Evaluating Physician Emotion Regulation in Serious Illness Conversations Using Multimodal Assessment

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Center for Interdisciplinary Population & Health Research, MaineHealth Institute for Research

Journal Title

Journal of pain and symptom management

MeSH Headings

Humans; Emotional Regulation; Physician-Patient Relations; Cross-Sectional Studies; Pilot Projects; Physicians (psychology); Communication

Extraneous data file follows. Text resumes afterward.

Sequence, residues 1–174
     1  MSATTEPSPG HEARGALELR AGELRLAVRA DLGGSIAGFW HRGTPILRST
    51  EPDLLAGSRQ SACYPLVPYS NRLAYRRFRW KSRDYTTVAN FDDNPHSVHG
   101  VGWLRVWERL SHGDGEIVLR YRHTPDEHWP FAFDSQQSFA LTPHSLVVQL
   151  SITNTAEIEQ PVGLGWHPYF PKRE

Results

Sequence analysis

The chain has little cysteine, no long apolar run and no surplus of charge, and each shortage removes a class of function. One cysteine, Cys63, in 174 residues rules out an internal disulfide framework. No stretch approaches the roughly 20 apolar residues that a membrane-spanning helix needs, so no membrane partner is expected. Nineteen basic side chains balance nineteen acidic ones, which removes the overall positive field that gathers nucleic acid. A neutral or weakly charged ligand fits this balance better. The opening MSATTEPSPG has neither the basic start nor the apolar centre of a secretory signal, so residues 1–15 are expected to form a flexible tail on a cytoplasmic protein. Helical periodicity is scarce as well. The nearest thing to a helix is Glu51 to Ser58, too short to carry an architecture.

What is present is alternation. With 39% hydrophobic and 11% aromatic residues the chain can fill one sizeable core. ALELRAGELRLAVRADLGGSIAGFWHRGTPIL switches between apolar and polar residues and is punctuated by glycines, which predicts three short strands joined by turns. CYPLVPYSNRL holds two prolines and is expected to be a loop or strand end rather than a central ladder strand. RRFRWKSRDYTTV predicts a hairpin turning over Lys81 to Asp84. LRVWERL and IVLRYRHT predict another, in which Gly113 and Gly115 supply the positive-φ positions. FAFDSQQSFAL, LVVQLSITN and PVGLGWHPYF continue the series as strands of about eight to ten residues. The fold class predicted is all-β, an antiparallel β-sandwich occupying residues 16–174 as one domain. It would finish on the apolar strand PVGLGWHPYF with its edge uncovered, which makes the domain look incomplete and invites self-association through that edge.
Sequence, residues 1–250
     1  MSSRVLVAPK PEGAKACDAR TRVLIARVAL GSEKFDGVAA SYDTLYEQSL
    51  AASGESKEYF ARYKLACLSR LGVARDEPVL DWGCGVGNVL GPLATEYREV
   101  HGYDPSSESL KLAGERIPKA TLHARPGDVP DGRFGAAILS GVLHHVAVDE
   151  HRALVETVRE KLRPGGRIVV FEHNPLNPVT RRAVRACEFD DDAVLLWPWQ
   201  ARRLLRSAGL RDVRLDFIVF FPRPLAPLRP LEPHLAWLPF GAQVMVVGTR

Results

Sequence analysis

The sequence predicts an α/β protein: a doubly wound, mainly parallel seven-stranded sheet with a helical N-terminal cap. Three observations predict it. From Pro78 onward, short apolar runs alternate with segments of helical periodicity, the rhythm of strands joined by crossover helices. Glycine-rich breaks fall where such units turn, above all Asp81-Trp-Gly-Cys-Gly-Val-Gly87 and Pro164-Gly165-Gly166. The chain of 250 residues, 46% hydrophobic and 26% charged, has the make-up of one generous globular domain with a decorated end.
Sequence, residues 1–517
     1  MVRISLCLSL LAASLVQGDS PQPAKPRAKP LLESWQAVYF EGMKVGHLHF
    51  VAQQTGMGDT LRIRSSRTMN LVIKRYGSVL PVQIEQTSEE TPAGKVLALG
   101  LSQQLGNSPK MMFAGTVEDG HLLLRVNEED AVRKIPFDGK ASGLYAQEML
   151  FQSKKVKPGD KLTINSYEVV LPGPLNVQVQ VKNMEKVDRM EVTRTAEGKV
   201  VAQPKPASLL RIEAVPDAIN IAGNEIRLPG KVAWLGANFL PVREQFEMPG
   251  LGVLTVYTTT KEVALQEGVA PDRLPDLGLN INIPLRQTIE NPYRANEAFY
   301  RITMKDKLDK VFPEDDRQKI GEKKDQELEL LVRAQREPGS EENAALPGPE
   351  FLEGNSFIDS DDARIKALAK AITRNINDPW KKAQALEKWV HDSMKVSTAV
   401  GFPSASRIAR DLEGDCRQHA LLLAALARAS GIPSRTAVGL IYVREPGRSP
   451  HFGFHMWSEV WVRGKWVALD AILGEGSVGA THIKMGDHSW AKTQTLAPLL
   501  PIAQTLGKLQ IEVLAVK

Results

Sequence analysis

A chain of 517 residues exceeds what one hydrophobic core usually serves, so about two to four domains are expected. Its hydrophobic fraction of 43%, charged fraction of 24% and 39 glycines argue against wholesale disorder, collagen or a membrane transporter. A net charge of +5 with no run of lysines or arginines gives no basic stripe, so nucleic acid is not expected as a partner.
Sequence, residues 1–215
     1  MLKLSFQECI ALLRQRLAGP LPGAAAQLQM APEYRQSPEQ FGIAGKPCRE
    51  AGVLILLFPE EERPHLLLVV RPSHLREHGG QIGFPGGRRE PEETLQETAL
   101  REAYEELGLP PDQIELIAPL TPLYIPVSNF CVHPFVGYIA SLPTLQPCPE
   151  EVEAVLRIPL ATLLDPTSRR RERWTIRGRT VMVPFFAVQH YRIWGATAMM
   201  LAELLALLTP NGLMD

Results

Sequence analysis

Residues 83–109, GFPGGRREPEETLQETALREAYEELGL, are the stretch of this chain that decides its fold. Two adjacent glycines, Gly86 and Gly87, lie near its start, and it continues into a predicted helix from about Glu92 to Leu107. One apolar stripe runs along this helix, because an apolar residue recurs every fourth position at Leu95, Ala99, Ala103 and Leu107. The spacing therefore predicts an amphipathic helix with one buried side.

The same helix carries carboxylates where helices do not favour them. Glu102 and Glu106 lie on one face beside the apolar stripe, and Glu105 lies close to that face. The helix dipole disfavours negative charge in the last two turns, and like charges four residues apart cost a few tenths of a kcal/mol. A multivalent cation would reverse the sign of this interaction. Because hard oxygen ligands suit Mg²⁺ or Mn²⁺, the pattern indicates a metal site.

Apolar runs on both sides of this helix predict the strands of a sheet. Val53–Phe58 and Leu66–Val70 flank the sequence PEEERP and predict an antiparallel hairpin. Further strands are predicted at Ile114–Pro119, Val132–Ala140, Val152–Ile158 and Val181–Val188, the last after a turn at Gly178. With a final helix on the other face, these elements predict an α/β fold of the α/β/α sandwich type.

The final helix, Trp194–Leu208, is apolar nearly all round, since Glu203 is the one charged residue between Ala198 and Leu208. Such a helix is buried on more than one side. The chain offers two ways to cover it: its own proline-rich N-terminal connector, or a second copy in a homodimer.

CONTEXT: Emotion regulation by the physician can influence the effectiveness of serious illness conversations. The feasibility of multimodal assessment of emotion regulation during these conversations is unknown. OBJECTIVES: To develop and assess an experimental framework for evaluating physician emotion regulation during serious illness conversations. METHODS: We developed and then assessed a multimodal assessment framework for physician emotion regulation using a cross-sectional, pilot study on physicians trained in the Serious Illness Conversation Guide (SICG) in a simulated, telehealth encounter. Development of the assessment framework included a literature review and subject matter expert consultations. Our predefined feasibility endpoints included: an enrollment rate of ≥60% of approached physicians, >90% completion rate of survey items, and 20% missing data. The thematic analysis found that physicians': 1) overarching goal was to move beyond prognosis to reasonable hope; 2) tactically focused on establishing a trusting, supportive relationship; and 3) possessed incomplete awareness of their emotion regulation strategies. CONCLUSION: Our novel, multimodal assessment of physician emotion regulation was feasible in a simulated SICG encounter. Physicians exhibited an incomplete understanding of their emotion regulation strategies.

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